What urban revival? In Michigan, residents still flock to suburbs

Michigan suburbs outside of Detroit and Grand Rapids are growing at the greatest percentages among communities in Michigan, new U.S. Census Bureau estimates show.

Suburban growth

Although much of Michigan is seeing population growth, the fastest growth is anchored in the townships just beyond the urban cores of Grand Rapids, Detroit, Lansing and Kalamazoo. SEARCH YOUR COMMUNITY by clicking the magnifying glass in lower lefthand corner.

Source: U.S. Census population estimates

For all the talk about the renaissance of Detroit and Grand Rapids, it turns out suburbs haven’t lost their allure.

With new homes and good schools, they’re driving the biggest population growth in Michigan as tens of thousands flock into the townships just beyond the urban cores of Detroit, Grand Rapids, Lansing and Kalamazoo.

Consider Oakland and Kent counties: Township residents comprise about 38 percent of each county’s population. But from 2010 to 2017, 53 percent of the counties’ growth was in semi-rural communities just outside inner-ring suburbs, according to Bridge analysis of population estimates released in late May by the U.S. Census Bureau.

“When you look at the big picture, we have parks, we have cops, we have fire (protection), good schools,” said Abe Ayoub, a real estate agent based in South Lyon in western Oakland County.

“It’s a trifecta.”

Actually, that’s a quadfecta, but Ayoub may be too busy to count.

He lives in Lyon Township, the fastest growing community in the state. Development stalled just before the Great Recession, but it has rebounded with abandon: the township has grown by 36 percent since 2010, and more homes are going up.

Those new homes, in developments with names like Rathmoor Park and the Estates of Hutsfield, are attracting young families that are sending hundreds more kids to South Lyon schools.

Biggest gainers, losers across the state

Biggest gainers

Rank Municipality 2017 population Change
1 Grand Rapids (Kent) 198,829 10,789
2 Macomb Township (Macomb) 89,479 9,899
3 Ann Arbor (Washtenaw) 121,477 7,543
4 Lyon Charter Township (Oakland) 19,912 5,367
5 Allendale Charter Township (Ottawa) 26,059 5,351
6 Shelby Charter Township (Macomb) 79,101 5,297
7 Georgetown Charter Township (Ottawa) 51,609 4,624
8 Novi (Oakland) 59,715 4,491
9 Pittsfield Charter Township (Washtenaw) 38,729 4,066
10 Clinton Charter Township (Macomb) 100,712 3,916

Biggest population losers

Rank Municipality 2017 population Change
1 Detroit (Wayne) 673,104 -40,673
2 Flint (Genesee) 96,448 -5,986
3 Dearborn (Wayne) 94,491 -3,662
4 Indianfields Township (Tuscola) 2,538 -3,510
5 Livonia (Wayne) 94,105 -2,837
6 Saginaw (Saginaw) 48,677 -2,831
7 Scio Township (Washtenaw) 17,642 -2,439
8 Westland (Wayne) 81,747 -2,347
9 Fayette Township (Hillsdale) 55,758 -2,274
10 Dearborn Heights (Wayne) 61,276 -2,016

Biggest gainers, percent gain

Rank Municipality 2017 population Percent
1 Lyon Charter Township (Oakland) 19,912 36.9
2 Washington Township (Sanilac) 2,104 26.8
3 Allendale Charter Township (Ottawa) 26,059 25.8
4 Aurelius Township (Ingham) 4,310 22.3
5 Algoma Township (Kent) 11,829 19.1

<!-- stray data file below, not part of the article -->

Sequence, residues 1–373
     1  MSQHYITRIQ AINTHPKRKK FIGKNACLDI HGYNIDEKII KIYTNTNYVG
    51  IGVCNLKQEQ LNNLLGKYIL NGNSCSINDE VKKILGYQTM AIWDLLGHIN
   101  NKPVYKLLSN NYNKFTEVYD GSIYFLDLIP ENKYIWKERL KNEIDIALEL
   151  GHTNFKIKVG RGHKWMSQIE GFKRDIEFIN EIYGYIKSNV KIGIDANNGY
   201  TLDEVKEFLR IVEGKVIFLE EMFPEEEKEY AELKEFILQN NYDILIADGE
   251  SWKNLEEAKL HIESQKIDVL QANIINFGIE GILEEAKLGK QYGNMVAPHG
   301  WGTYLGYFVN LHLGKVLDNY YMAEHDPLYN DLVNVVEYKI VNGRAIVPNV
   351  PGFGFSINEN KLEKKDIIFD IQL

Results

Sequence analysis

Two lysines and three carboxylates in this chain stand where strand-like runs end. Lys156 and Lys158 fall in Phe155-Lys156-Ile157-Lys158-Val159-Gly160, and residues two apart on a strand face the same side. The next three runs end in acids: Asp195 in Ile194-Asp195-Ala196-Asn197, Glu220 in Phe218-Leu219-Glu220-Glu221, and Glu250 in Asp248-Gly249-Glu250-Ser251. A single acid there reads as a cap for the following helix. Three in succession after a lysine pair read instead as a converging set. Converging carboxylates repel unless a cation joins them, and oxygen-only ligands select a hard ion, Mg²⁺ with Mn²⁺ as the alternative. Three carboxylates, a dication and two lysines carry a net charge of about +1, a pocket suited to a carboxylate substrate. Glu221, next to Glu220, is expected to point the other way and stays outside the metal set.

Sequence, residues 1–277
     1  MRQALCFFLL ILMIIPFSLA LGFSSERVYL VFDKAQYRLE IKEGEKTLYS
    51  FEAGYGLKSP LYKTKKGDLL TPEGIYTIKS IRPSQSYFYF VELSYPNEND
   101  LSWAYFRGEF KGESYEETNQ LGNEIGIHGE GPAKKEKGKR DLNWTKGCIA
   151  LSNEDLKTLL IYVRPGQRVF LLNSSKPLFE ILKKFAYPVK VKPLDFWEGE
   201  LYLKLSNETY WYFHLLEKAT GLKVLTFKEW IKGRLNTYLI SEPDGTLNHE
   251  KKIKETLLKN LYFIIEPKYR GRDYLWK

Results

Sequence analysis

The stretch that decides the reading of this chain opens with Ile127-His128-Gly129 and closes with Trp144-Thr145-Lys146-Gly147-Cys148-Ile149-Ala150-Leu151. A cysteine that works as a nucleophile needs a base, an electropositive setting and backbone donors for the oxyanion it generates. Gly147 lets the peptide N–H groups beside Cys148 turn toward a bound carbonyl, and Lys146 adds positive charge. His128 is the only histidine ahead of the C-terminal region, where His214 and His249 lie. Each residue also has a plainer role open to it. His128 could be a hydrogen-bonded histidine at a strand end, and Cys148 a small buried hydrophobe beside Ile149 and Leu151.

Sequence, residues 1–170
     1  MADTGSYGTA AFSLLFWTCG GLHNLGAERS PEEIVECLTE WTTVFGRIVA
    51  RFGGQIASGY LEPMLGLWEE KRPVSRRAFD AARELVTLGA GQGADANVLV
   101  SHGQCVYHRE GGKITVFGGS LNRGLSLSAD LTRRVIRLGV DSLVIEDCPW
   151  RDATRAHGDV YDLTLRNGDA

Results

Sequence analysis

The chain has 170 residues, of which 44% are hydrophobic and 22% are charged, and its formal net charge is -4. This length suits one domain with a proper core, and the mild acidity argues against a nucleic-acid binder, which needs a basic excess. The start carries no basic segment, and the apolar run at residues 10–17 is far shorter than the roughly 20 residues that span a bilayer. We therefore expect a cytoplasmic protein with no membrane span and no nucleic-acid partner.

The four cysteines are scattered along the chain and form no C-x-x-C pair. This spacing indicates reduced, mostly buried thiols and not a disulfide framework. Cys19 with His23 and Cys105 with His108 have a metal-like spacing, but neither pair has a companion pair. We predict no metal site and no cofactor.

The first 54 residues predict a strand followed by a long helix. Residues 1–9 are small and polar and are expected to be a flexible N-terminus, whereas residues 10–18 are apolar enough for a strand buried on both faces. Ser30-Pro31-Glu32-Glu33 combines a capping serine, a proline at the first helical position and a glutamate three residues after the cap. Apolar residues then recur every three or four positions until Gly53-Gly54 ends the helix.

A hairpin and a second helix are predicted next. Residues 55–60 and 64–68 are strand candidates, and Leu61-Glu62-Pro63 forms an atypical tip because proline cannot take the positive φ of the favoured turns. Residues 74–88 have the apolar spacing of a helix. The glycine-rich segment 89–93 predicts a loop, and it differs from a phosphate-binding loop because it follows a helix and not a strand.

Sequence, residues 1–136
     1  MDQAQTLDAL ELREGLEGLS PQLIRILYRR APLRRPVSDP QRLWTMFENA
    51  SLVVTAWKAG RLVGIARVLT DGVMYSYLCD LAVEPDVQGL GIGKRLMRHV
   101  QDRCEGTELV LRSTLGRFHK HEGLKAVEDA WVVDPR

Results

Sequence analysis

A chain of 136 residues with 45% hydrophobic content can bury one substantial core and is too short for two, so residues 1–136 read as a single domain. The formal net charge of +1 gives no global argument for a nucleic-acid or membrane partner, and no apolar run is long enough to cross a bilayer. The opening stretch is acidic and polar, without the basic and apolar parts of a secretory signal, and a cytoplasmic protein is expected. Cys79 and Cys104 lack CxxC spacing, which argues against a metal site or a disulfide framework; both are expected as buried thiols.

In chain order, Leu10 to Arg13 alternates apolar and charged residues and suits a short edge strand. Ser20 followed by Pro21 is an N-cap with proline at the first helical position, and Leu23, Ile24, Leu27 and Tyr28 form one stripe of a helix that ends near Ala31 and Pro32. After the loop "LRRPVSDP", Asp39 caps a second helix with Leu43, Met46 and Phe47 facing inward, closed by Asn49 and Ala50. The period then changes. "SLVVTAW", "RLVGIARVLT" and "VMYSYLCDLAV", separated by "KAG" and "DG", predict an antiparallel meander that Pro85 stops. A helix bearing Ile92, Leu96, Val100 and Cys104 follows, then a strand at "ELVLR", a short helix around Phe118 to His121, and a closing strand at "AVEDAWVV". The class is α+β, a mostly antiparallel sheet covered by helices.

6 Jamestown Charter Township (Ottawa) 8,324 18.3
7 Byron Township (Kent) 23,835 17.3
8 Caledonia Township (Kent) 14,421 16.9
9 Vicksburg (Kalamazoo) 3,370 16
10 Texas Charter Township (Kalamazoo) 16,951 15.3

Biggest losers, percent loss

Rank Municipality 2017 population Percent
1 Indianfields Township (Tuscola) 2,538 -58
1 Coldwater Township (Branch) 4,858 -20.4
2 Ontonagon Township (Ontonagon) 2,251 -12.7
3 Scio Township (Washtenaw) 17,642 -12.1
4 Ironwood (Gogebic) 4,971 -7.7
5 Bloomer Township (Montcalm) 3,609 -7.6
6 Highland Park (Wayne) 10,900 -7.4
7 Clam Lake Township (Wexford) 2,292 -7.1
8 Mount Morris (Genesee) 2,883 -6.6
9 Croswell (Sanilac) 2,288 -6.5
10 Munising (Alger) 2,205 -6.4

The phenomenon is counterpoint to the narrative –  nationally as well as in Michigan – that Millennials are fueling an urban renaissance. Make no mistake, Grand Rapids and some areas of Detroit are growing.  But far more young families are following the path of their parents and grandparents and settling in the suburbs.

It’s happening around Lansing and Kalamazoo and in the fastest-growing region of the state, Kent County, where most of the area is seeing steady growth. But the biggest gains, from 13 to 26 percent, are in townships outside Grand Rapids: Allendale, Blendon, Byron and Jamestown townships.

“The further you’re getting from Grand Rapids, you’re getting more of the growth,” said Eric Guthrie, the state’s official demographer, who added that housing patterns still suggest a need to be within driving distance to urban cores.

“There’s a certain level of convenience being close to the city.”

In fairness, Grand Rapids still led the state in overall population growth from 2010 to 2017, even though neighboring communities grew at faster clips.

Detroit, in contrast, has lost more than 40,000 residents since 2010, much to Mayor Mike Duggan’s chagrin. He has made reversing decades of population loss the centerpiece of his administration, but the numbers have fallen, albeit at a slower rate, every year since he was elected in 2013.

Last year, the city lost 3,541 residents, Census figures show.

That’s more than have moved to Midtown –  a neighborhood that has seen explosive growth and investment –  since 2011. The neighborhood’s population has increased nearly 3,000 to 21,660.